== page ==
Finding Signal In The Noise Of Demo Days

I'm taking a break from MBA Mondays today because Christina Cacioppo just posted a terrific blog post on the USV blog on her takeaways from a summer attending most every demo day imaginable.

Christina notes:

Over the past few months, I've seen over 160 companies come through eight different accelerator programs. It's a skewed group, but it captures the zeitgeist of a certain segment of the tech industry – and, I think, looking at these companies is one of the best ways to get a sense for which opportunities compel internet entrepreneurs today. Here's a look at some of what these entrepreneurs are thinking about – and where we all might be headed.

Over the course of the summer and into the fall, my partner Albert's office whiteboard started to fill up with sticky notes of various colors. Christina was mapping out all of the startups she was seeing. And in the end she came away with two big megatrends.

Go read her post and find out where they are.

#VC & Technology#Web/Tech

Comments (Archived):

  1. Aaron Klein

    It seems like a lifetime ago, but earlier in 2011 when we raised our friends + family seed round, the big questions from these non-veteran tech investors was “how can you possibly do what you’re talking about for this amount of money?”And it was incredible to tell the story of how much the world has changed between 2006 and 2011. We used to spend thousands of dollars a month on servers; now it’s all virtualized and metered like the power bill. We used to spend thousands of dollars upfront on software; now we rent it at scalable pricing.These changes clearly won’t make startup ideas any more successful than they were before; they’ll just let us figure out what works and what doesn’t a lot faster and more efficiently.

    1. Rohan

      going up the S curve. ūüôā

    2. awaldstein

      True.It certainly takes less resources than it used to (thankfully!) but does it actually take less time to build your market?It feels like it does because time is compressed on the social nets now that we all live on a 24 hour clock. But with all these thin sliced pieces of capabilities, the competition for markets and users and true engagement is fierce.I wonder if the reduced cost of building and maintaining gives us the time we need and as that time to capture market is not really reduced. Building a market and a brand takes time.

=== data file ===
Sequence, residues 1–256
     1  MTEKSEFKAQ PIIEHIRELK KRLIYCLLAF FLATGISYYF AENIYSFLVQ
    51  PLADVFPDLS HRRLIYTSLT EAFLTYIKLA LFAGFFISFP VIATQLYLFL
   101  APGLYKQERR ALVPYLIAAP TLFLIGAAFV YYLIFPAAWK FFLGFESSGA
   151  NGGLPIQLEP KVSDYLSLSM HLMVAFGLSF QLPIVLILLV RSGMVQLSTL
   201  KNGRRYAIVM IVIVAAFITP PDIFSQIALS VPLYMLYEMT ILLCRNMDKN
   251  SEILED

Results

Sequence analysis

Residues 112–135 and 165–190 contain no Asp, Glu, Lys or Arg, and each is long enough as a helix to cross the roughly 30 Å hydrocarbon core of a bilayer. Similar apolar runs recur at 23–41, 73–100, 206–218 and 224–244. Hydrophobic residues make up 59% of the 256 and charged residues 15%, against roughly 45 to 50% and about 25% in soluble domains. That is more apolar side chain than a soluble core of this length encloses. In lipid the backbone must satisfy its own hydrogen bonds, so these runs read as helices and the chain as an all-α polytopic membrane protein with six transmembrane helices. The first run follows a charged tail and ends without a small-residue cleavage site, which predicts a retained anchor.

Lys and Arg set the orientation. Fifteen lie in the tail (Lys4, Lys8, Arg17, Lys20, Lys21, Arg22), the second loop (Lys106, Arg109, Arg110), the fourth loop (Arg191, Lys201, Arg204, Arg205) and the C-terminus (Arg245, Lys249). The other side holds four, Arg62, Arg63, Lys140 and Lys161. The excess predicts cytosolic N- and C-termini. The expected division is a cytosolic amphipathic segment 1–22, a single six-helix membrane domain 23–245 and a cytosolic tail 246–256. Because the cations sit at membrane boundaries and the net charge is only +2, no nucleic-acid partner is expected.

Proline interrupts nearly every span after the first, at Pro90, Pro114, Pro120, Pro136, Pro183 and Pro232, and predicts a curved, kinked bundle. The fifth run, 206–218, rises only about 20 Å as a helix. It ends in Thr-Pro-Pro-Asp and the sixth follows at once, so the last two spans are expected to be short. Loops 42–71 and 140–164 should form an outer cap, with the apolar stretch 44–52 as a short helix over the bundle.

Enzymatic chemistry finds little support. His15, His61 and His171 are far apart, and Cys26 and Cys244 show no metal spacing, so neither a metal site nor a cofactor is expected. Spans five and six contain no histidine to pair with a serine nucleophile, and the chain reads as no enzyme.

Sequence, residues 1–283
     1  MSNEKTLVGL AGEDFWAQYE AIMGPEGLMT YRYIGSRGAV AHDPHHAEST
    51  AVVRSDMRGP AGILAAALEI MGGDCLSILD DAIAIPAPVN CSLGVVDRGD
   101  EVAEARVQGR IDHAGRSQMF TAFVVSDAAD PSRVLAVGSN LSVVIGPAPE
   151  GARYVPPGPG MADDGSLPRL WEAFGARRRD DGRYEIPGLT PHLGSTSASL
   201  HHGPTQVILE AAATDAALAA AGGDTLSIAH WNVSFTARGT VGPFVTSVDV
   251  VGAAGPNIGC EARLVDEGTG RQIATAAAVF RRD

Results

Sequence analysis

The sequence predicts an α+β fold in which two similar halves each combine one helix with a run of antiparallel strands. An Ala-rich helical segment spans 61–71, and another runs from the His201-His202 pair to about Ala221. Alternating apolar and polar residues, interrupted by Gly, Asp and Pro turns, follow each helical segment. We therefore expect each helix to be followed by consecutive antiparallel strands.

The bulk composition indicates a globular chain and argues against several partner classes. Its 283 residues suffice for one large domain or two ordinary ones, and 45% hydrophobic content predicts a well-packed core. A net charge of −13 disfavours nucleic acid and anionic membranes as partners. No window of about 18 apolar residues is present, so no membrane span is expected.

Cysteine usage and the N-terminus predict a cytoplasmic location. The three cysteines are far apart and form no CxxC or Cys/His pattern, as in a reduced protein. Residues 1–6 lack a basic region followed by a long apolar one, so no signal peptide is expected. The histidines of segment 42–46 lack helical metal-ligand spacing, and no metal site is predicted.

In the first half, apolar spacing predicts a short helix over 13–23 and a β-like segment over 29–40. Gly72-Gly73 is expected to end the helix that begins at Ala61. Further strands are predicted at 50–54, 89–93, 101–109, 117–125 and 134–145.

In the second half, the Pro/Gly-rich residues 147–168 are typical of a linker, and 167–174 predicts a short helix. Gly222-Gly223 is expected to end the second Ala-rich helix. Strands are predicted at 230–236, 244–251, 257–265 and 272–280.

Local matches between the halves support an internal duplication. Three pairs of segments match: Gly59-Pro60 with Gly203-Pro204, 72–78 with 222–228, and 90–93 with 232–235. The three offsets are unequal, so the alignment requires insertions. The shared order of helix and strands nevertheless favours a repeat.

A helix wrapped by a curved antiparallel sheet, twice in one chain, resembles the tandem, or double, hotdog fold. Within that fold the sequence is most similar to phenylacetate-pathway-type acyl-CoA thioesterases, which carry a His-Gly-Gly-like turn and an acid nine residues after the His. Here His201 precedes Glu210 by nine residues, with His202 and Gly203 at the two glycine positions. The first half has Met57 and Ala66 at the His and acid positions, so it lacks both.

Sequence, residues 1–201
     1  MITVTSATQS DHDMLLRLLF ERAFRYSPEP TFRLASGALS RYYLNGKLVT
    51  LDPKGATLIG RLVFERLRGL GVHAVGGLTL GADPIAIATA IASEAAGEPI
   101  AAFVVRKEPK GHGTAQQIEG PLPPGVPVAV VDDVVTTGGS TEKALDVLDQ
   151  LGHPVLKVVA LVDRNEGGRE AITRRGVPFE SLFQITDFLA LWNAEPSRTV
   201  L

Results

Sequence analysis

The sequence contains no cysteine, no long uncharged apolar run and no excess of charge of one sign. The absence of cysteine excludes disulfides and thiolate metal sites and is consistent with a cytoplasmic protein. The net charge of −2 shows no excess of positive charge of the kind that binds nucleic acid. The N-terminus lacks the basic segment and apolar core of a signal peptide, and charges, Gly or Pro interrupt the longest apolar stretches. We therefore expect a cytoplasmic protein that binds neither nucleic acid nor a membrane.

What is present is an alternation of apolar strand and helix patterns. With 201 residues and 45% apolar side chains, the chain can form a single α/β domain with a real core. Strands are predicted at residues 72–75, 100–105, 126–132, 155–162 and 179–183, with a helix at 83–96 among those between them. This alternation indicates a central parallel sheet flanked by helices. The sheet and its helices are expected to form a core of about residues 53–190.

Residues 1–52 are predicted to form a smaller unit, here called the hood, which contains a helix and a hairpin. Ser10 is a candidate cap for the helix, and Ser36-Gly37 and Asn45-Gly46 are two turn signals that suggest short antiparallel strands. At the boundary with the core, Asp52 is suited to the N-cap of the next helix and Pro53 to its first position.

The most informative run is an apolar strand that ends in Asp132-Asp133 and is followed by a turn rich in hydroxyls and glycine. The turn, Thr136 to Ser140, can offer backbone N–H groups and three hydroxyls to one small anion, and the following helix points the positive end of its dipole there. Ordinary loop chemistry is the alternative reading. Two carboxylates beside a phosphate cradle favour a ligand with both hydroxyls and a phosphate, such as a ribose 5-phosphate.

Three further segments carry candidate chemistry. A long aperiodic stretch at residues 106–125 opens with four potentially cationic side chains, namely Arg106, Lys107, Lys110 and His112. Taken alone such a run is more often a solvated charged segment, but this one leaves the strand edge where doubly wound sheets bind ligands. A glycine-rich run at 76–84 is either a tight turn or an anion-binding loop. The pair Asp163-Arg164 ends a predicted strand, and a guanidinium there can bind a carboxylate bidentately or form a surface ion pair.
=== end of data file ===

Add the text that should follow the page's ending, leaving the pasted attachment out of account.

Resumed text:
1. Anthony Ortenzi

        It’s not just cost that’s avoided, but also opportunity cost.The flexibility afforded by not having capital costs sunk into hardware and software allows you to chase the market when you see that you aimed wrong.

        1. awaldstein

          Opportunity cost aren’t really avoided as anything you spend your time on churns that core resource of yourself.I agree with you in concept, but I think it’s incorrect to think that pivoting isn’t a huge expense.Being flexible in infrastructure is a gift we have as entrepreneurs today certainly. But focused selling and discovery to find your market and iterate it is not the same to me as shifting gears, shifting communities and finding a new path if the market is not there.We are lucky to be able to do that but I’m a believer that focused direction finds the market. Not a big proponent in the pie against the wall theory of product or market development.

          1. Cam MacRae

            Agree – Pivoting is more like pulling out of an unintentional dive 300ft from the ground than avoiding the dive in the first place.

        2. FAKE GRIMLOCK


      2. Aaron Klein

        I completely agree. The time cycle has not compressed much at all.Nine women can’t make a baby in one month, no matter how cheap the infrastructure gets.If anything, the lower cost of infrastructure creates the illusion that you can try anything and place a million bets when you really can’t.

        1. andyswan

          Bingo.  I know at least 8 guys that have tried at least 6 ideas in the last 2 years.No one seems to know that the real work begins AFTER the idea is turned to reality.  And it takes a long, long time.

          1. Aaron Klein

            So true.¬†@stevecheney:twitter¬†had a great post on TechCrunch about the “overnight success” of Pinterest that actually took about 22 months.That’s what has me telling my team, no matter how excited we see people getting about our product, “the hard work is still ahead of us.”Not sure how much we like hearing it, but it’s the truth.Edit: Whoops, forgot to post the link.

          2. FAKE GRIMLOCK


          3. Rohan

            ‘It takes ten years to become an “overnight sensation”‘ – Robin Sharma¬†@aaronklein:disqus¬†

          4. jason wright

            It’s like a cell culture in a test tube. Start with one cell, ¬†dividing once every second, and the test tube is full in exactly 24 hours and no minutes and no seconds. After 23 hours 59 minutes and some odd seconds there appears to be ¬†next to nothing in the test tube. The visible action all comes in the final 30 seconds and the test tube is then full to the top.¬†I prefer this analogy to the iceberg 1 and 9. Icebergs melt.

          5. laurie kalmanson

            true with babies, too

        2. Christina Cacioppo

          only sortof related — but i read the “nine women can’t make a baby in one month” quote for the first time, last night, in one of buffet’s essays. nice to see it show up again so soon after!

          1. Aaron Klein

            I think Buffet is where it originated from, but it’s one of those word pictures that has stuck with me. I wish I was better at inventing them myself!